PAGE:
Pioneering CO2 export terminal underway in Germany 

Publish date: April 29, 2022

Bellona has recommended that the German government build a CO2 transport and storage infrastructure for German industry. This is now being planned in Wilhelmshaven in northern Germany. 

According to Tagesspiegel Background, a German news site, the facility will be able to receive and ship out CO2 from the rest of Germany. 

The German government has previously said it wants to build two terminals for receiving liquefied natural gas. Despite being strongly opposed to the building of new fossil fuel infrastructure, Bellona Deutschland indicated in its recommendations that, if such structures will be build, they should come at a non-negotiable condition of being combined with infrastructure for transport and storage of CO2. 

The new strategy for an export terminal for CO2 comes from the consortium partners for a planned energy hub in Wilhelmshaven and from the German energy agency Dena. Together, they have developed a strategy that will be published in two weeks, according to Tagesspiegel Background. The Energy Agency was established and is partly owned by the German state.  

The new CO2 export plans, which are yet to be presented in detail, are a clear signal to government to provide the necessary policy framework.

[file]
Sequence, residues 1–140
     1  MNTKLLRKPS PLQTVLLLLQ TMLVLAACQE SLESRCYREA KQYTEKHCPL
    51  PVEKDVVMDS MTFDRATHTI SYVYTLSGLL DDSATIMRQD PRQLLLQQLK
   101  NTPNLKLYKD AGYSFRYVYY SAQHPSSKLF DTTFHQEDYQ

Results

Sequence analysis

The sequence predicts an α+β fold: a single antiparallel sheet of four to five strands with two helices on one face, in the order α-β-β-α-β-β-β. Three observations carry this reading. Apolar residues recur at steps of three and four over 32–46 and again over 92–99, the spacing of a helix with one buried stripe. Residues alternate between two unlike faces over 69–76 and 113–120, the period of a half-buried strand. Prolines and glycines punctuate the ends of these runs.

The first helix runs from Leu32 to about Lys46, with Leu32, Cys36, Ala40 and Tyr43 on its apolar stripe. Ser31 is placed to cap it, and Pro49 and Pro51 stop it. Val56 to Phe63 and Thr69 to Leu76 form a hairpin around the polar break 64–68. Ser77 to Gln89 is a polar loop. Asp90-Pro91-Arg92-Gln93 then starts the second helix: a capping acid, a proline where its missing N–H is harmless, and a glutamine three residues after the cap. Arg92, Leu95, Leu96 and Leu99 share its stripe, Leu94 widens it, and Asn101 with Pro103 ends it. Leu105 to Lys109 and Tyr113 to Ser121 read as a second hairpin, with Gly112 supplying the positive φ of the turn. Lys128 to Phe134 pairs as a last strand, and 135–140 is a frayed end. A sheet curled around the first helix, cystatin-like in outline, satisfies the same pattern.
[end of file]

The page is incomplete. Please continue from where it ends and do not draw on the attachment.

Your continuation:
“Recommendations from the German energy agency usually have a considerable impact”, says Erika Bellmann, head of Bellona’s office in Germany. 

Tagesspiegel Background also refers to a report commissioned by Bellona that deals with legal framework conditions for the capture and transport of CO2 from German industry for permanent geological storage, for example in Norway. The report describes what policy is needed for enabling CO2 capture and transport of CO2, including financial support schemes. “Generally, there are no significant hurdles to CO2 capture and transport. But some adjustment should be made as part of the CO2 management strategy to facilitate deployment”, says Erika Bellmann, head of Bellona’s office in Germany. A CO2 management strategy aiming at unavoidable emissions and negative emissions is part of the coalition treaty of the current government. 

In March, German Vice-Chancellor Robert Habeck (Greens) and Norwegian Prime Minister Jonas Gahr Støre (Labour) agreed to “take a leading role” in CO2 management for industry in Europe. 

“A German export terminal for CO2 would be a logical next step in that collaboration,” says Olav Øye, Bellona adviser for climate and industry in Norway and the Nordic countries. 


About Bellona Deutschland 

In 2021, the Bellona Foundation established an office in Berlin, Germany, led by Dr. Erika Bellmann. CO2 capture and storage and climate action for heavy industry are some of its key areas of work. Bellona has contributed to and written several reports on CO2 capture and storage for Germany, and has actively participated in the German climate debate. 


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